No single act has galvanized the recent resurgence of New Orleans brass music as powerfully as has this Tremé-based outfit. What is ironic and telling about that fact is that they depart in many ways from traditional NOLA brass groups, from the instrumentation of their lineup to the R&B and funk styles that they marry into conventional second line music. What purists consider detraction is exactly what recruits fans from outside the genre, and what will ensure that you will feel strangely familiar inside the exotic grooves of a bygone world. With energetic harmonies bursting up and out of indomitable rhythms, America’s quirkiest city will be well represented in Union Park on Sunday. Refer to the video for this band’s philosophical stance on everything.
The Chemical Brothers: Friday 8:30 – 10:00pm
When this thing called house/electronica/big beat was clearly starting to go somewhere, it was the Chemical Brothers that lifted the music from an underground dance scene to an art form. Hip hop, funk, and rock were slickly coaxed through the crucible of high-energy dance to create music that could be enjoyed for its nuance as well as its propulsion. If you’ve never seen a DJ live before, this should be your introduction. First of all, this is a classic act within the genre. More importantly, though, the aesthetics that guide the Brothers’ live shows were developed in a time and place that was very hostile to the idea of a computer on a stage. Big beat was still rock and roll back then, and had they not lived up to the expectations of a crowd looking for excitement and vibrant musical interplay coming from the stage, we would never have heard of them. They have a legendary feel for the pulse of the crowd and melodic sensibilities not often found in later club music. Come for the energy. Stay to watch masters at work.
Loyal Divide: Sunday 1:45 – 2:30
The novelty of “electro-pop” has worn off. There has been a ceaseless supply of it available to anyone near a passing car radio. For every Ratatat or Passion Pit there are about fifty boring Casio composers from Brooklyn with too much ennui and not enough Wesley Willis. And ultimately, it’s not a magic trick that MGMT gets to be immensely popular and, say, Hot Chip seems to stall. Listeners are not, in fact, robots, and the music that offers little more than inconsequential, patient sonic algorithms will always have a smaller following than that which can flat out make you move. Enter Chicago band Loyal Divide, whose name could double as a description of their relationship to their own genre of music. With roots unabashedly in shoegazey electro, they have no qualms about making blippity-bloop introspection and emotion accessible. I expect this chill headphone candy to feature well in Sunday’s midday heat.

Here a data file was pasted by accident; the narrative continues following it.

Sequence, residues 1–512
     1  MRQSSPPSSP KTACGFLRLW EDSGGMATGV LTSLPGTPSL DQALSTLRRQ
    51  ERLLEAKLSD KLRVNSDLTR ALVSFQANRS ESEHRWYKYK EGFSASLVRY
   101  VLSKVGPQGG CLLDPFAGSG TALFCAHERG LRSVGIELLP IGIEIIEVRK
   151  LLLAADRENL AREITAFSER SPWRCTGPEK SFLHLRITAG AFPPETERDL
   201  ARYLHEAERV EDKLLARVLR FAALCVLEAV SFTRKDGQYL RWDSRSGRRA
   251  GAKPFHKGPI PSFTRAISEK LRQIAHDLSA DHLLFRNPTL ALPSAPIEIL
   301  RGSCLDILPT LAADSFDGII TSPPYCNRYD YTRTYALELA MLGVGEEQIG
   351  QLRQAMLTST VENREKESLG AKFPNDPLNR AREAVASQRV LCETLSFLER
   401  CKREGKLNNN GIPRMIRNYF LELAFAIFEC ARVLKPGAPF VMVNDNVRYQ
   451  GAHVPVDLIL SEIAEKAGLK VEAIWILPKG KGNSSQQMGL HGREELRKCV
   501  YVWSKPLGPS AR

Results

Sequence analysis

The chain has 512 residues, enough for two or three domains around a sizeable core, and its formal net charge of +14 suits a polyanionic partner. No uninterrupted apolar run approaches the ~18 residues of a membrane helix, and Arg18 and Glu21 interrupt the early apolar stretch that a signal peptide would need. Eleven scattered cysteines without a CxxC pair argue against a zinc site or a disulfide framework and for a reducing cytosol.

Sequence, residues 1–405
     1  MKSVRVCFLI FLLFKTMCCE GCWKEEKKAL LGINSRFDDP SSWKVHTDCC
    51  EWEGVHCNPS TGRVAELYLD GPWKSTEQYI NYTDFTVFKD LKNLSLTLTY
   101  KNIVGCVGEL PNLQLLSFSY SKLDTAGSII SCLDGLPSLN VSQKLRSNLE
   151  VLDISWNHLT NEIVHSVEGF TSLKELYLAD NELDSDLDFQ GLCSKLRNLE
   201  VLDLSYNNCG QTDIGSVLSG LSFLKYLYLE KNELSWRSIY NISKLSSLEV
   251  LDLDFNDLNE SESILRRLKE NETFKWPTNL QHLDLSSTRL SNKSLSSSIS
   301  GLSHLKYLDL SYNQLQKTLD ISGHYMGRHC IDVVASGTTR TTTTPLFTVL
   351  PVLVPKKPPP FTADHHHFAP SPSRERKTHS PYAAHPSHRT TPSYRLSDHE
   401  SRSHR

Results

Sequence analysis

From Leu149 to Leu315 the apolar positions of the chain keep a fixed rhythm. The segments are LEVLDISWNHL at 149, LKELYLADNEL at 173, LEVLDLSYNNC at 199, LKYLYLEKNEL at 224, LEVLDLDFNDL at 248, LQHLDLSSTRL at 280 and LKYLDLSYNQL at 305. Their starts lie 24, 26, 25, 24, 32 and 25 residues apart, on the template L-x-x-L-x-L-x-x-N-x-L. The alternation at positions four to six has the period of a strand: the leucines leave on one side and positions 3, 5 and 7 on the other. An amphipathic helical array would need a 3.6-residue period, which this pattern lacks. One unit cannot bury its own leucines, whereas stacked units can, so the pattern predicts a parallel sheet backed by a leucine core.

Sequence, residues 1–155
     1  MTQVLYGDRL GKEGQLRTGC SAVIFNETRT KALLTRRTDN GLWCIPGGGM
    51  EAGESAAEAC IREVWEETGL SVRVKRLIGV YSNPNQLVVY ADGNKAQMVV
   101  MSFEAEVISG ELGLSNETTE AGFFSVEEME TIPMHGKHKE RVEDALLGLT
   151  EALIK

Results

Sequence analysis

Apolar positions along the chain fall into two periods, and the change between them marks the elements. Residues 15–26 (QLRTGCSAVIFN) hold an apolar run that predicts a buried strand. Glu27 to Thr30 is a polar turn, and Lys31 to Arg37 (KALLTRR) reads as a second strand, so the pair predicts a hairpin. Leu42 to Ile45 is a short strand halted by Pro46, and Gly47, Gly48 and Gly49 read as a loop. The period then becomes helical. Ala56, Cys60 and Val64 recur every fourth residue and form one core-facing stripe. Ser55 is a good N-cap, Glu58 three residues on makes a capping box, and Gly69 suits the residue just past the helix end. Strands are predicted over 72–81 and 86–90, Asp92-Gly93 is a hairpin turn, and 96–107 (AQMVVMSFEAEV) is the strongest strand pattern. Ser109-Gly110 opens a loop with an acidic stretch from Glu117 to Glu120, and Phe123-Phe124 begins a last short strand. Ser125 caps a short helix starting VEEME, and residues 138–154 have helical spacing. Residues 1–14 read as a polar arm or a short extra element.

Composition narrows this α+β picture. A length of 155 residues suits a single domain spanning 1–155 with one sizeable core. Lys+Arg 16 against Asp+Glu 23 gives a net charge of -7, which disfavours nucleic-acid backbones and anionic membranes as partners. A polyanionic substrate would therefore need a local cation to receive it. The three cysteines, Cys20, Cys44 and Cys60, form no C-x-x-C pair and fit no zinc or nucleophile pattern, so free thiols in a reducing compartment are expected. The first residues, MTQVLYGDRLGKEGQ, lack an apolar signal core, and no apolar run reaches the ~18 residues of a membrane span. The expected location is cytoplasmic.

Boys Noize: If someone ever told German maximalist DJ Alexander Ridha that sound could not be made into a weapon, he’s certainly spent the rest of his life trying to prove them wrong. Check this out for uncompromising, straight-ahead beats. Is that a hint of trance I detect?
Grace Potter and the Nocturnals: Court order says you can’t stalk Jenny Lewis or Zooey Deschanel anymore? Indie-pop siren Grace Potter is a great candidate for your next marriage proposal/basement shrine.
Nas and Damian Marley: I haven’t heard much about this duo yet, but I, like most people when they heard of this pairing, instantly knew how cool it was going to be. An iconoclast comfortable in his own well-established style sounds like an oxymoron. Here’s two.
Disco Biscuits: One of the most respected names in jamdom is unfortunately scheduled for the exact same time as the previously mentioned set, but you can’t go wrong here. Their unique fusion of electronica and considered, talented live improvisation makes them the leading candidate for “Most Stylistically At Home at NSMF 2010.”